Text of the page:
Facilitating Transactions and Lawful Availability of Works of Authorship: Online Access to the Cultural Heritage and Extended Collective Licenses
The importance of providing access to the cultural heritage is widely accepted. Digital technology has supplied powerful new tools to reproduce and disseminate works and at the same time has transformed the demands and expectations of end-users. Nevertheless, there are several issues that cultural heritage institutions (“CHIs”) must resolve in order to maintain their role of preserving and disseminating cultural heritage in the digital age. Although some of those issues are budgetary rather than legal, copyright is obviously a key consideration in the digital use of in-copyright works by CHIs. The largest copyright challenge for CHIs is the process of identification of right holders of copyright and clearance of rights, i.e. obtaining authorization or licenses for use of in-copyright works.
Stakeholders do not agree how best to facilitate CHIs in their important cultural role. Some advocate the establishment of legal exceptions whereas others favor licenses. My starting assumption is that, given the impact of online use, licensing is a more appropriate and flexible tool than exceptions. However, obtaining individual licenses for the use of in-copyright works held by CHIs is complicated, time-consuming, and costly, in particular for cross-border online use. Thus individual licensing is not a practical solution for CHIs except for the use of a few well-defined works. Even collective licensing does not fully solve the licensing issue because no collective management organization (“CMO”) has mandates from all right holders in a given field.5 Hence, I propose that the solution is to be found through collective licenses with legislative support, such as the system of extended collective licenses (“ECL”).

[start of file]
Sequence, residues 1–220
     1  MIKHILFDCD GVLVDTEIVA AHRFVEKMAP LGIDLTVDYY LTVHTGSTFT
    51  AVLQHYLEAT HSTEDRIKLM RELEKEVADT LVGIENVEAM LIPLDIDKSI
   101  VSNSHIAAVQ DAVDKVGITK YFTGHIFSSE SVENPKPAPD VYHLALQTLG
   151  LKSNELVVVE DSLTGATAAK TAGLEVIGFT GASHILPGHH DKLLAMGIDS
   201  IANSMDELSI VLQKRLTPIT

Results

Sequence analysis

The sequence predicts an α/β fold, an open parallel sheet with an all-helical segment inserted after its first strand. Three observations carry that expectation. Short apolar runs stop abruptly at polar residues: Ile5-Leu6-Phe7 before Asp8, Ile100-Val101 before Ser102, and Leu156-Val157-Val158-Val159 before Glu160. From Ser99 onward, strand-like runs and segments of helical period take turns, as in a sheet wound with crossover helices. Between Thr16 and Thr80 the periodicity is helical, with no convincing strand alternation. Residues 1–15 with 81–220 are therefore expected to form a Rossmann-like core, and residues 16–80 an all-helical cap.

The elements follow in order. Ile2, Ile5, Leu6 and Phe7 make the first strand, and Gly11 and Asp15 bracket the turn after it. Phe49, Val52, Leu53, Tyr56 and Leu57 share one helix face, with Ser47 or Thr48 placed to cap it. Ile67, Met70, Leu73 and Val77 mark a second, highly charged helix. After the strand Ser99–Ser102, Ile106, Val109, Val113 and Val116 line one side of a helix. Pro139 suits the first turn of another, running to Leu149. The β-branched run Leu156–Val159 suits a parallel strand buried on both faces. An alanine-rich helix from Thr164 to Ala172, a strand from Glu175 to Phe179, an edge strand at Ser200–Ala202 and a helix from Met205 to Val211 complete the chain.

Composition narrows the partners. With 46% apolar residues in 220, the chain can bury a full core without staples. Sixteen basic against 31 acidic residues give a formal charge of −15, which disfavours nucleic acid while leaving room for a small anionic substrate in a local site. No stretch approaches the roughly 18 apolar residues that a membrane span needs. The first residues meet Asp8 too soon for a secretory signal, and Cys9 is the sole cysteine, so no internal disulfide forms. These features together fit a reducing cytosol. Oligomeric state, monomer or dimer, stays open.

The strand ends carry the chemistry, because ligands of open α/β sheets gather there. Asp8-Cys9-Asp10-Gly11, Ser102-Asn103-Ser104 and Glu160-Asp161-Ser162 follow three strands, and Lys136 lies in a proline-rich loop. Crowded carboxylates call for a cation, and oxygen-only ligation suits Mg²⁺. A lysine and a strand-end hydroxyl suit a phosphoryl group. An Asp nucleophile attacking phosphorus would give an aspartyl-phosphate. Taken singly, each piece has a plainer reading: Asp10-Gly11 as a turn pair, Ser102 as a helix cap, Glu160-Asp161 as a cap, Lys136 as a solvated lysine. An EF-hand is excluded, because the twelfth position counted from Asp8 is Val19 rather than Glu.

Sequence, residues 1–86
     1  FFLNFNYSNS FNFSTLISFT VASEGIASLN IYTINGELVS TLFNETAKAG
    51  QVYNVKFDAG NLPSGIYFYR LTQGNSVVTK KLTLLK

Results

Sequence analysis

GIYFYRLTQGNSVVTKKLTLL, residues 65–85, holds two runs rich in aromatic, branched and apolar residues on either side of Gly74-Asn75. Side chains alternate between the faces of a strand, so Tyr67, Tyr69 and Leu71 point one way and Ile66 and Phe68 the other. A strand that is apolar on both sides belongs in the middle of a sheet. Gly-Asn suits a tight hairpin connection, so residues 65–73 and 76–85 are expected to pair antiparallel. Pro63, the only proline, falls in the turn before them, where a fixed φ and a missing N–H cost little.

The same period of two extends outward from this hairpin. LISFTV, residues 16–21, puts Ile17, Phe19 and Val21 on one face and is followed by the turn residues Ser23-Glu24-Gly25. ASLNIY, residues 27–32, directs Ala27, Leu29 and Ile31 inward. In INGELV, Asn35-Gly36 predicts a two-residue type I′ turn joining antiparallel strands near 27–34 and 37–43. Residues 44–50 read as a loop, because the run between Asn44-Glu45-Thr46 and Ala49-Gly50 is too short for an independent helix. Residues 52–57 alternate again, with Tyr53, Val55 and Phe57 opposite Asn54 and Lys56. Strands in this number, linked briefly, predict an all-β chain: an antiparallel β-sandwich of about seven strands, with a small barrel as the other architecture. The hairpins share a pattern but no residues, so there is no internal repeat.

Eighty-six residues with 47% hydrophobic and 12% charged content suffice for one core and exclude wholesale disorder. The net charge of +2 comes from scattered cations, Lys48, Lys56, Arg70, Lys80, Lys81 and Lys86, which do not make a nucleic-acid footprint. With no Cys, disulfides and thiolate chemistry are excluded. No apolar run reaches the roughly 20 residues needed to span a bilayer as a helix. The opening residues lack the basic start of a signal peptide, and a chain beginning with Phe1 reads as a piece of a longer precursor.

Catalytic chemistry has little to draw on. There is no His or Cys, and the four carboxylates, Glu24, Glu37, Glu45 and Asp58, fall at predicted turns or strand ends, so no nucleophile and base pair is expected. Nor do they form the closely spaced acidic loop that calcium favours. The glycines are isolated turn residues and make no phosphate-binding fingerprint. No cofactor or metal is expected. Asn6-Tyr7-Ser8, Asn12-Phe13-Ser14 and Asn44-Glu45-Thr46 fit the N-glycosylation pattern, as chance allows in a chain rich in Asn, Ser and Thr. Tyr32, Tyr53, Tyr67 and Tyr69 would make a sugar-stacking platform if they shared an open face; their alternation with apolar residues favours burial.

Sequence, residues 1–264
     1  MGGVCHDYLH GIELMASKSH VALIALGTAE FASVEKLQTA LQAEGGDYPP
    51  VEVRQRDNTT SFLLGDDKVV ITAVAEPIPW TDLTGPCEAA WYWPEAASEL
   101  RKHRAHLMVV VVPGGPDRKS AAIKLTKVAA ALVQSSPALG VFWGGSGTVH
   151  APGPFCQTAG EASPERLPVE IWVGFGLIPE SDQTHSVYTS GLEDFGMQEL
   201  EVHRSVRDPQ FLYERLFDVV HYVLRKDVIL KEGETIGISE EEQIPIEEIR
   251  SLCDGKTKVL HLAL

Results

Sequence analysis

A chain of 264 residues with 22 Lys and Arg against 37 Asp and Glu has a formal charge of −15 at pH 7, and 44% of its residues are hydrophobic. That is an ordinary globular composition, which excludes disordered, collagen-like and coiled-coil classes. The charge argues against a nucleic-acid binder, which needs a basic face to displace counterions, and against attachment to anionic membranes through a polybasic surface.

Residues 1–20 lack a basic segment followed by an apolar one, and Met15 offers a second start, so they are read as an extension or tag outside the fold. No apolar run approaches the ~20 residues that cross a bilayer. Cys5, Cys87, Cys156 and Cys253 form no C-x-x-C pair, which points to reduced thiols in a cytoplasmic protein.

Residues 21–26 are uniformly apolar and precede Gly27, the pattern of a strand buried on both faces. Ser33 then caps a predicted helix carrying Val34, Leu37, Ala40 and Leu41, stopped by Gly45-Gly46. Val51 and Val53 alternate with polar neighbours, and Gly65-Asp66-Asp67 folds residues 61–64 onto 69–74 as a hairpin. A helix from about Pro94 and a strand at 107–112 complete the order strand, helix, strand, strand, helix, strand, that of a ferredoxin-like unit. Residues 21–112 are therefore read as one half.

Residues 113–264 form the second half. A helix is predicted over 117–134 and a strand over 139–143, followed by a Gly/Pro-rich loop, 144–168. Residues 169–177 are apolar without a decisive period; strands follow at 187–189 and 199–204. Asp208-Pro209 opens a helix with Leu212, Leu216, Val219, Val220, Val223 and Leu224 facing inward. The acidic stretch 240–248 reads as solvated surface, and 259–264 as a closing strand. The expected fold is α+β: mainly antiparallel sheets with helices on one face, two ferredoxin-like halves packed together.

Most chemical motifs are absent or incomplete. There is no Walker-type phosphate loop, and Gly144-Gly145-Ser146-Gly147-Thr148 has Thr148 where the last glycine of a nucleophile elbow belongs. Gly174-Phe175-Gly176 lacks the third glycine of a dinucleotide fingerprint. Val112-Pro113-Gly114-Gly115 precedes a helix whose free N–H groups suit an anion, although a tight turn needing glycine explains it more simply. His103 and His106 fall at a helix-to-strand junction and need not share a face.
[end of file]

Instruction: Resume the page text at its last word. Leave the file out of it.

In this essay I will start by giving a brief account of the main strands which constitute an extended collective license in the Nordic countries, where it was first developed. I will describe two examples where ECLs have been used to facilitate access to the cultural heritage, in Norway and Finland respectively. I will also discuss the compatibility of the system with international norms, in particular the Berne Convention, and finish with some reflections on challenges and benefits of the system of ECLs in facilitating access to cultural heritage.
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- Columbia Journal of Law & the Arts
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- November 12, 2018